Interesting discussion of the greatest long tracking shots in cinema, starting with Touch of Evil but mostly limited to recent films.
There are really two types of long takes, and the above post is focused on the first type. That's a long tracking shot created for spectacular effect, usually taking in more than one room or location. In his description of a big shot from The Prisoner of Zenda (where the camera followed a character throughout a palace, past a ballroom full of waltzing couples, until he reached Niven and some other characters), David Niven called this a "production shot," because it shows off the lavishness and size of the production in a way that couldn't be accomplished with cutting.
There are other reasons to do this kind of shot besides just showing off, of course. Most of the examples cited in the post, as well as some of my own favorites (and my very favorite, Vincente Minnelli's "turning out the lights" scene in Meet Me in St. Louis, where the camera follows Judy Garland from room to room and adjusts in mid-shot to all the lighting changes), derive some of their emotional power from the fact that there's no cutting; the long take in Touch of Evil builds suspense because we instinctively know that when there's a cut, the bomb will explode. But it is a stunt shot, and it's designed to call attention to its difficulty. Like this take from Busby Berkeley's The Gang's All Here. He didn't have to do the whole second half of this number in one take, but that's part of the fun of this kind of long take: the director sets himself and his crew more difficulty than absolutely necessary.
I especially like Berkeley's gag of tracking past a bunch of women who sort of look like the film's star, Alice Faye, before finally giving us Faye herself at the end (anticipating by 25 years Jacques Tati's gag of the fake M. Hulots in Playtime).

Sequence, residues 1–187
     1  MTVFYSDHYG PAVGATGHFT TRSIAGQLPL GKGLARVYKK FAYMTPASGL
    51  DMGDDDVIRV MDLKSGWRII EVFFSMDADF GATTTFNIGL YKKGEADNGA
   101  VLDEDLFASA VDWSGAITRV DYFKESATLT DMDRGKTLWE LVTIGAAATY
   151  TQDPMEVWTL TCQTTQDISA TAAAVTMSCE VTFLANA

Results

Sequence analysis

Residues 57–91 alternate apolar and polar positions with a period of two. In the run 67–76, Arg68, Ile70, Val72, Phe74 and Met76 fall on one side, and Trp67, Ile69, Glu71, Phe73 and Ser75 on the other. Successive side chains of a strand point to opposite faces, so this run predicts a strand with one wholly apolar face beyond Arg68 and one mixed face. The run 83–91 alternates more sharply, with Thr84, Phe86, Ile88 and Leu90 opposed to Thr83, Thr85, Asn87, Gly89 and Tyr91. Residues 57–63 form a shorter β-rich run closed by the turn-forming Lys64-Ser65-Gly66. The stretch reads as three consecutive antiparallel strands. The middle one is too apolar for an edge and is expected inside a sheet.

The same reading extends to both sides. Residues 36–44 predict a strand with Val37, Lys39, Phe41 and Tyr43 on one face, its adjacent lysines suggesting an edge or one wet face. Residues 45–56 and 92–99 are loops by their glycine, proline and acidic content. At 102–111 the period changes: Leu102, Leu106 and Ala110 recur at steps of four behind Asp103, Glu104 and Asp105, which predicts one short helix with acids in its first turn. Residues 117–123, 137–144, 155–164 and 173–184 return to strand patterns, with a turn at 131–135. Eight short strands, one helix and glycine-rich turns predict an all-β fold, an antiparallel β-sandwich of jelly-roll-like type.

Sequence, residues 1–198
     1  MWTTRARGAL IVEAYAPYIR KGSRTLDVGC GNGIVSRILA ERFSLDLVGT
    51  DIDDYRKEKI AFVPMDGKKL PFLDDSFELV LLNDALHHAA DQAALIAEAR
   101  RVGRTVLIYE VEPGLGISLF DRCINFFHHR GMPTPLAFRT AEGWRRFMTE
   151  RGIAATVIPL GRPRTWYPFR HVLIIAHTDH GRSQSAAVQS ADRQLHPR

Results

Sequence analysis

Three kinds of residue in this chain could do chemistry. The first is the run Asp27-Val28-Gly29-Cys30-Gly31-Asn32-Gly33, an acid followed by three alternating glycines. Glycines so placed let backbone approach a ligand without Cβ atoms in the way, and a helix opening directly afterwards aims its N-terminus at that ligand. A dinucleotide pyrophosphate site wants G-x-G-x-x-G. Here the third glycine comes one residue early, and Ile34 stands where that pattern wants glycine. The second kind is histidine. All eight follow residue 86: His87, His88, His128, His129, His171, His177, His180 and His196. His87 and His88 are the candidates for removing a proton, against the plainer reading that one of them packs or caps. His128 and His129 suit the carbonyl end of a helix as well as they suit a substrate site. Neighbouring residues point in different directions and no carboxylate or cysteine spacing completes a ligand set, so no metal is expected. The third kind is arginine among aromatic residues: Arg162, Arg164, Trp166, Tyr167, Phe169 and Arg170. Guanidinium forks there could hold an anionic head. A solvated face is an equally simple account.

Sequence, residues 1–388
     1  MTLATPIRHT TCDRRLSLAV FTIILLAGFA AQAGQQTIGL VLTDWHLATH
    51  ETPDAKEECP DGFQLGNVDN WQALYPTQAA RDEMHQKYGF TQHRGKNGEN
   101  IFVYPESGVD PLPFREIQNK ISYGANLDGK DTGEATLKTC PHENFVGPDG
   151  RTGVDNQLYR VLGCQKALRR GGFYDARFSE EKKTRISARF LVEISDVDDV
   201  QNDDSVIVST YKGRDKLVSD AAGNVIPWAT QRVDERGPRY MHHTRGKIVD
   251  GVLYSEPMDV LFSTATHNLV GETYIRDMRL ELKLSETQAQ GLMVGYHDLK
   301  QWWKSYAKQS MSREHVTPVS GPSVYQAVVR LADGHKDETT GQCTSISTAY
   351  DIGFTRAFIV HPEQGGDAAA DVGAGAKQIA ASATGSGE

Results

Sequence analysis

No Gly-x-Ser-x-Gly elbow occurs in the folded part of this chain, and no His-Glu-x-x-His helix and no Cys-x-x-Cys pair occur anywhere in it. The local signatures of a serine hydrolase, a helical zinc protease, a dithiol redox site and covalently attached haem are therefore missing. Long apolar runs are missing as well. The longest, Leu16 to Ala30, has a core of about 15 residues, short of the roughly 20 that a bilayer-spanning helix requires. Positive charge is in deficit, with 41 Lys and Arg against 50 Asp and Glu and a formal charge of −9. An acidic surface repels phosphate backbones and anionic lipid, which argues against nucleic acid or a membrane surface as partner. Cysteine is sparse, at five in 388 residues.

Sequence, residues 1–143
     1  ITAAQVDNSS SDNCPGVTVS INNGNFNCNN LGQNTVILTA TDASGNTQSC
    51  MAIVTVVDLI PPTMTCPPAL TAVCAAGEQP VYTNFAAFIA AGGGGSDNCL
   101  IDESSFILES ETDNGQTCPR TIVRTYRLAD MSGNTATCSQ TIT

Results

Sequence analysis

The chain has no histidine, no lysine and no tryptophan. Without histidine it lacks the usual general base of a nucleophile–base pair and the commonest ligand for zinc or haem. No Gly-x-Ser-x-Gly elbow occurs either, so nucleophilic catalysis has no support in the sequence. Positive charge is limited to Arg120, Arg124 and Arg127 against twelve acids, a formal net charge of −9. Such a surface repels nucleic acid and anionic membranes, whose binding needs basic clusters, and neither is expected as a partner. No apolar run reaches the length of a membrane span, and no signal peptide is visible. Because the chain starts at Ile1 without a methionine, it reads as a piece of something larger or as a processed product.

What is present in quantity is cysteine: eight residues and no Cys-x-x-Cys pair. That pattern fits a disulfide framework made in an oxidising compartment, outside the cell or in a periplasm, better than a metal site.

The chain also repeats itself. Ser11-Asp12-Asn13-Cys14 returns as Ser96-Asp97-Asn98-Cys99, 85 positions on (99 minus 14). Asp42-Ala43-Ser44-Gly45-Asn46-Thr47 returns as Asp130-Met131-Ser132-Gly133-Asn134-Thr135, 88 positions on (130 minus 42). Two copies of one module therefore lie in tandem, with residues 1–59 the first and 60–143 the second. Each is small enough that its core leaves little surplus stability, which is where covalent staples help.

The other kind of long take, which is much less ostentatious, is a dialogue scene shot all or nearly all in one take. This kind of scene is less expensive (because it doesn't require as much camera movement or as many sets), but requires a lot of rehearsal by the actors, who can't afford to miss a line or they'll have to start all over again. The longest take in Touch of Evil is like this: it involves Welles searching a room, and it doesn't announce itself the way the opening shot does (though he did have to use breakaway walls to move the camera between two rooms), but the actors all had to know their lines and hit their marks exactly.
This kind of shot is done less for show-offy purposes (since it's often not even noticeable that it's all in one take) than to get extra energy into the scene by having the characters truly interact with each other, instead of stitching the scene together from a bunch of different takes. It also had two side benefits: one, by doing a in one take, a director made it impossible for the producer to re-cut it. (That's one of the reasons why John Ford preferred to shoot with as little "coverage" -- additional angles -- as possible.) And two, if the actors were up to the task, this kind of shooting allowed the director to get a lot of script pages filmed relatively quickly. You may have heard the story that Orson Welles filmed that long dialogue scene in Touch of Evil on the first day of shooting, to convince the studio that he could get an entire scene finished in only one day.
This take from Sullivan's Travels is an example of the long dialogue take. Note that near the end of the take, the actor playing the studio boss almost flubs his line, but recovers ("Who's... t... talking about taking you off salary?").